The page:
The harsh truth is that copyright for AI-generated content is currently a gray area - We simply don’t have clarity on whether it can be owned for marketing and branding purposes. There is another aspect around the ethics of AI-generated content, but that’s an entirely different conversation. The questions that arise here:
We don’t have answers to these questions yet, as this field is still in its nascent stage. Until these are answered, companies need to tread carefully.
The primary reason for these lawsuits is the use of datasets to train generative AI models – original art scraped from the internet without the consent or even knowledge of the artist/creator.
And there is some precedent for this, albeit in a different setting. Remember the Naruto vs Slater case?
David Slater, a British wildlife photographer, had left his camera unattended on the island of Sulawesi when a curious Indonesian black crested macaque, Naruto, clicked several selfies. Slater published these images in a book, but a dispute arose with organizations claiming that the photo was in the public domain due to the ownership lying with Naruto - as it was the monkey who clicked the photo and not the photographer.
However, the US Copyright Office stated that it “will refuse to register a claim if it determines that a human being did not create the work.”
This might be relevant to the Midjourney Class Action lawsuit where a group of artists is claiming copyright infringement. The outcome of this lawsuit could have far-reaching consequences for AI-generated content.
Let’s look at a few examples –
If the source material used to train the AI is in the public domain, then the resulting AI-generated content may also be considered public domain. This could mean that anyone can use or modify the content without permission from a copyright holder. Would the Office then consider it to be protected under the original copyright?
Since the 1980s, the UK has protected the copyright for computer-generated artwork as long as it has been created with AI assistance and human creativity. For AI-generated work, it clearly designates “the person by whom the arrangements necessary for the creation of the work are undertaken” as the author and gives full copyright to them.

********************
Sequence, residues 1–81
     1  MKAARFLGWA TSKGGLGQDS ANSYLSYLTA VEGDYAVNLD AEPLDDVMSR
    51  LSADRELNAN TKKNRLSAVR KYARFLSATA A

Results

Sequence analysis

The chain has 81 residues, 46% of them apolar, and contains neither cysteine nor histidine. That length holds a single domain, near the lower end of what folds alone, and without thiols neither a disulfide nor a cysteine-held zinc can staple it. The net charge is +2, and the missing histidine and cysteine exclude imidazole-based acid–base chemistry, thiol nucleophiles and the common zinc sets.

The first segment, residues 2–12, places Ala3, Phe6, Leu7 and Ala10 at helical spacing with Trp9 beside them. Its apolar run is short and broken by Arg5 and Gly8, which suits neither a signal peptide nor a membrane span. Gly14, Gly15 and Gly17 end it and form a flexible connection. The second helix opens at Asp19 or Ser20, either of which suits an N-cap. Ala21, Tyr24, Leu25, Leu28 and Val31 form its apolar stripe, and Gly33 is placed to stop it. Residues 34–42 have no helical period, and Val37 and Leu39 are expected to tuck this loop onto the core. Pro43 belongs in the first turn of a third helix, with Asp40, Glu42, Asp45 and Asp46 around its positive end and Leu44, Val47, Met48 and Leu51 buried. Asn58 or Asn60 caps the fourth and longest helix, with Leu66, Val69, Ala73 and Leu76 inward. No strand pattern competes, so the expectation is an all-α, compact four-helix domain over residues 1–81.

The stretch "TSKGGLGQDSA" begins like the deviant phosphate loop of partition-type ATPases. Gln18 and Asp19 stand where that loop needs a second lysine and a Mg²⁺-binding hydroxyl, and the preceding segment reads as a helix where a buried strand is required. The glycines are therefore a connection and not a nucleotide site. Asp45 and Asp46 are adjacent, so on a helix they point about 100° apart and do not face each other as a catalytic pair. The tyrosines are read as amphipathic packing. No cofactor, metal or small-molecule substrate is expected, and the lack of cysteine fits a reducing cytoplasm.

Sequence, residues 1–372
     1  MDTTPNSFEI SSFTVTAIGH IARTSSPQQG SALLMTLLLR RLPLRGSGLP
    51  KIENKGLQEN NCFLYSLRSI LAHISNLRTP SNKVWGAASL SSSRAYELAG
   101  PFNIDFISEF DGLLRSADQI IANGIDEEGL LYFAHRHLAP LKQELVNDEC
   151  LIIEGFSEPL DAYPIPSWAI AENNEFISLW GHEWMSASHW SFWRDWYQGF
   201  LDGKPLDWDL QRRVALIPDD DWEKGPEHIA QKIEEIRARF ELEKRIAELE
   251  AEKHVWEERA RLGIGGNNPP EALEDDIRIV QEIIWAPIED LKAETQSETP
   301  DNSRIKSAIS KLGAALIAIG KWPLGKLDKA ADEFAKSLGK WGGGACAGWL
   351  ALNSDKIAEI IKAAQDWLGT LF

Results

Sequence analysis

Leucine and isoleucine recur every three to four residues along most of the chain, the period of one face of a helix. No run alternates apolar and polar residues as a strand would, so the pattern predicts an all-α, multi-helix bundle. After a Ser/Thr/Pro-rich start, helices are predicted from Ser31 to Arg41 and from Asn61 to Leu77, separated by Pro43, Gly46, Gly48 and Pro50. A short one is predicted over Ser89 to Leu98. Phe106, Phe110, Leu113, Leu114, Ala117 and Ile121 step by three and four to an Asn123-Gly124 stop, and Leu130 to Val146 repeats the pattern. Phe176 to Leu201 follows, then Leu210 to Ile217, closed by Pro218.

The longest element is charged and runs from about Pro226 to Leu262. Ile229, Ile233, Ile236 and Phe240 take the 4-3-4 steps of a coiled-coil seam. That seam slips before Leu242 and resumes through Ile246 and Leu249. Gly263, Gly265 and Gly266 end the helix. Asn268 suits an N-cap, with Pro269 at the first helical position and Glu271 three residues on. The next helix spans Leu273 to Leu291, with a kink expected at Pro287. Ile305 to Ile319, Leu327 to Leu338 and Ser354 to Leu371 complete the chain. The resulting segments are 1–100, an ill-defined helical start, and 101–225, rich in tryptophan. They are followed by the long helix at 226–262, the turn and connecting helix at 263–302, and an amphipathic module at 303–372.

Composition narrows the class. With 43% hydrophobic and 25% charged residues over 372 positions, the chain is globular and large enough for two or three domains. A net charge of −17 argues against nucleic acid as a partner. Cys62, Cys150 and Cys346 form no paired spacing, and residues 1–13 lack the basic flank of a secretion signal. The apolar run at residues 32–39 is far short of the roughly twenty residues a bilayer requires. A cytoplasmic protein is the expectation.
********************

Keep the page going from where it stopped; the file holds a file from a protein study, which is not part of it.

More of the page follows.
But things have changed today, especially with AI tech. There is a chance that the UK government had anticipated the copyright issue around data used to train AI generators. Thus, they had proposed plans permitting organizations to allow data mining for AI training without being implicated in copyright infringement. The law is not yet in place though; we’ll have to wait and watch how the UK government plans to roll it out.
However, this has not passed yet and lawmakers are still tightening regulations around AI tech and generative AI.
If you are looking to use AI-generated art commercially, then you may want to consider these things:
Coca-Cola has partnered with Bain & Company and OpenAI in a bid to use generative AI for its marketing content and customer experience. They’re inviting digital artists to compete in the “Create Real Magic” contest, using AI platforms to generate original AI art from Coca-Cola's existing creative assets.
This is an interesting use-case as Coca-Cola owns the copyright to all their creative assets.
As AI technology continues to advance and become more widespread, it is likely that copyright laws and regulations will adapt to address the new challenges and opportunities presented. The future of AI copyright is definitely complex. However, the ongoing discussions and debate among stakeholders in the legal, technological, and creative fields is a good starting point.
Write to us and let us know whether you think there should be copyright provisions for AI-generated content or if it should be free use.